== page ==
December 22 2014 Latest news:
By CHRIS HILL
Friday, September 7, 2012
Prince Harry has returned to active service in Afghanistan to fly attack helicopters alongside Suffolk-based soldiers from Wattisham Airfield.
The 27-year-old army captain, who previously spent 10 weeks on the front line in 2007/08, will fly missions in Apache aircraft during his four-month deployment.
Having arrived in the early hours of this morning after a troop flight from RAF Brize Norton in Oxfordshire, the prince spent his first morning at the main British base of Camp Bastion, checking over the state-of-the-art army helicopter.
He was joined on the flight-line by other members of the 100-strong unit he is posted to – 662 Squadron, 3 Regiment Army Air Corps, based at Wattisham, near Ipswich.
After about 10 days of acclimatisation and training to hone his skills, Captain Harry Wales – as he is known in the army – will be ready for operations against the Taliban in his role as co-pilot gunner.
The Queen and Prince of Wales were both fully briefed about his return to the conflict zone, and St James’s Palace said Prince Charles is “immensely proud of his son”.
A St James’s Palace spokesman said: “He’s approached the deployment with a range of emotions like any other soldier and feels both pride and anticipation as he deploys for a job he’s trained for, for so long.
“Prince Harry, like any soldier, considers it a great honour to represent his country in Her Majesty’s armed forces wherever it chooses to deploy him.”
The deployment means Prince Harry can put the recent controversy of the naked photographs taken in a Las Vegas hotel behind him – for which he was reportedly given a dressing-down by a senior officer.
The third in line to the throne has made no secret of his desire to return to active service, and has spent the past three years changing the direction of his military career from an armoured reconnaissance troop leader to an army helicopter pilot.
He was previously a second lieutenant with the Household Cavalry, for his first deployment to Afghanistan and worked as a forward air controller co-ordinating air strikes on Taliban positions.
That tour of duty was abruptly ended when foreign media broke a news blackout on reporting details of his service.
This time the Ministry of Defence has chosen to confirm this deployment after a threat assessment concluded that acknowledging his presence in Afghanistan would not put the royal or his colleagues at further risk.
Harry was greeted at Camp Bastion by the commander of the Joint Aviation Group, Capt Jock Gordon of the Royal Navy.
He said: “I extend an extremely warm welcome to 662 Squadron, including Captain Wales, who with his previous experience as a forward air controller on operations will be a useful asset to the Joint Aviation Group.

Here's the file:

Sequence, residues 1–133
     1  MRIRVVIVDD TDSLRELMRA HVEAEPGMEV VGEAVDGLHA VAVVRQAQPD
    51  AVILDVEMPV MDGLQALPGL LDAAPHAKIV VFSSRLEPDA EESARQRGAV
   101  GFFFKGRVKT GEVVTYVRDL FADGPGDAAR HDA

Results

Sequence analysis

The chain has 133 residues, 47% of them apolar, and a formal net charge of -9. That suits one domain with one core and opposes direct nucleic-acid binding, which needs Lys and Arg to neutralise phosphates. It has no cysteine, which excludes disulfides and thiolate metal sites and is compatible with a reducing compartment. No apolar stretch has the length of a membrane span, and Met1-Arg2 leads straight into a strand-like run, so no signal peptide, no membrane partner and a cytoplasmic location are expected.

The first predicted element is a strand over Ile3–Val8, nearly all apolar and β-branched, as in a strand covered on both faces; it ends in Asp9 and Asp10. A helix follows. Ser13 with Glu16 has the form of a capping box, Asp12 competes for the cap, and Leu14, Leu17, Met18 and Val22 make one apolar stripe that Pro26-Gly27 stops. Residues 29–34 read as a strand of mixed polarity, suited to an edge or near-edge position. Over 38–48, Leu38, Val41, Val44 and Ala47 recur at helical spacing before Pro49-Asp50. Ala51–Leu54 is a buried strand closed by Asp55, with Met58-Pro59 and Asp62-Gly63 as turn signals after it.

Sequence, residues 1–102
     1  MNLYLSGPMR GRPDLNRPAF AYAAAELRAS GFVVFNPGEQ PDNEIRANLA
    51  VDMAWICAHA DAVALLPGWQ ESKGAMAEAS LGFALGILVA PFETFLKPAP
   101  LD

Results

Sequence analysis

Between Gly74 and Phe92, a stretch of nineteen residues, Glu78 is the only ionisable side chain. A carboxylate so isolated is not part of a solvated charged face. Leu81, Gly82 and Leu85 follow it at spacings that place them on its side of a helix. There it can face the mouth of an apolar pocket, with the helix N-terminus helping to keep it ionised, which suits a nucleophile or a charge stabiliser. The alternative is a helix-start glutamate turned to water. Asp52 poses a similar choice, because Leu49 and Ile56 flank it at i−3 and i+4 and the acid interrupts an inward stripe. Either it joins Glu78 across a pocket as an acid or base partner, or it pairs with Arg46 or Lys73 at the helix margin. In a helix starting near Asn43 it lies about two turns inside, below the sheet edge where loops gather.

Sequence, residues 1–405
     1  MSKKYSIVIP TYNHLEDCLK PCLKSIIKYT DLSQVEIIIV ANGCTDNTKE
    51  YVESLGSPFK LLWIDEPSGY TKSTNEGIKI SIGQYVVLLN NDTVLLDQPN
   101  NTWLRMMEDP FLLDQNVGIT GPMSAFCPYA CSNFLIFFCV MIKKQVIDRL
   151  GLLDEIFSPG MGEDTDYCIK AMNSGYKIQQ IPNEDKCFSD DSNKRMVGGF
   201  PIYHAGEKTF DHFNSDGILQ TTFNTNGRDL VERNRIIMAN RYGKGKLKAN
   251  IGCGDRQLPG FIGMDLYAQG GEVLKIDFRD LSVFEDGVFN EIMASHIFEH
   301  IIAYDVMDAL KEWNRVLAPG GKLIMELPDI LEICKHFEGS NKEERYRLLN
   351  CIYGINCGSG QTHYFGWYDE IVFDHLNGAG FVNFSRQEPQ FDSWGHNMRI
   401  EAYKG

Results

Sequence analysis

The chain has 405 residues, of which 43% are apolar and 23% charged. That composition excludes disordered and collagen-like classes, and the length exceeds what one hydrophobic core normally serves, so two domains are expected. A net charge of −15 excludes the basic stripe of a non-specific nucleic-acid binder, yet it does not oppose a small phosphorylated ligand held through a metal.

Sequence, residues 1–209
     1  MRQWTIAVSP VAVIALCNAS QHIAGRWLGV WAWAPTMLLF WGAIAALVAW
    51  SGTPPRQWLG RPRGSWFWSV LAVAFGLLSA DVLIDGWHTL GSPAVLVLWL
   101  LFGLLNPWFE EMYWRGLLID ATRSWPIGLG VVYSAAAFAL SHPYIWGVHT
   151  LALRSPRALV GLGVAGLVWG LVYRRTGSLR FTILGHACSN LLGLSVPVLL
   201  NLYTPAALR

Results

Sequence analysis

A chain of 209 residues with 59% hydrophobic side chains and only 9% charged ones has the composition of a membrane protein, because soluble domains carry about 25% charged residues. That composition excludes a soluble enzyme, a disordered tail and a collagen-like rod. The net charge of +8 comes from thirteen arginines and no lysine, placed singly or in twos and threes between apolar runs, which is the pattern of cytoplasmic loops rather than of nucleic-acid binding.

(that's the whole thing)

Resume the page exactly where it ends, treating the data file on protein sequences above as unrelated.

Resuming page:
“And working together with his colleagues in the squadron, he will be in a difficult and demanding job, and I ask that he be left to get on with his duties and allowed to focus on delivering support to the coalition troops on the ground.”
Lt Col Tom de la Rue, deputy commander of the Joint Aviation Group and Commanding Officer of 3 Regiment AAC in the UK, said: “Captain Wales is a serving soldier and a qualified Apache pilot having completed the Apache Conversion to Role (CTR) course earlier this year. As such, and after further flying experience, he has deployed along with the rest of the squadron as part of a long-planned and scheduled deployment to provide support to ISAF and Afghan forces operating in Helmand.
“It is a demanding job for my soldiers and all of them, including Captain Wales, are now focusing on the job in hand. I have every confidence that the team will deliver what is asked of them.”
Prince Harry’s return to frontline duty comes after 18 months of rigorous training, both in the UK and the US, after which he won a prize as the best Apache co-pilot gunner when he qualified in February.
He will fly various types of mission while stationed in Afghanistan, from escorting RAF Chinook helicopters carrying troops or equipment to targeting Taliban fighters who have attacked ground troops.
As an Apache gunner, he will operate its complex armoury of wing-mounted aerial rockets, Hellfire laser-guided missiles and a 30mm chain gun positioned directly under his seat.
Last year, Prince Harry suggested it would be pointless to undertake costly helicopter training if he never went into combat.
“You become a very expensive asset, the training’s very expensive and they wouldn’t have me doing what I’m doing,” he said. “I count myself very, very lucky to have the chance to fly helicopters, and even luckier to have the chance to fly the Apache.
“It’s a fantastic piece of kit, it’s like flying a robot.”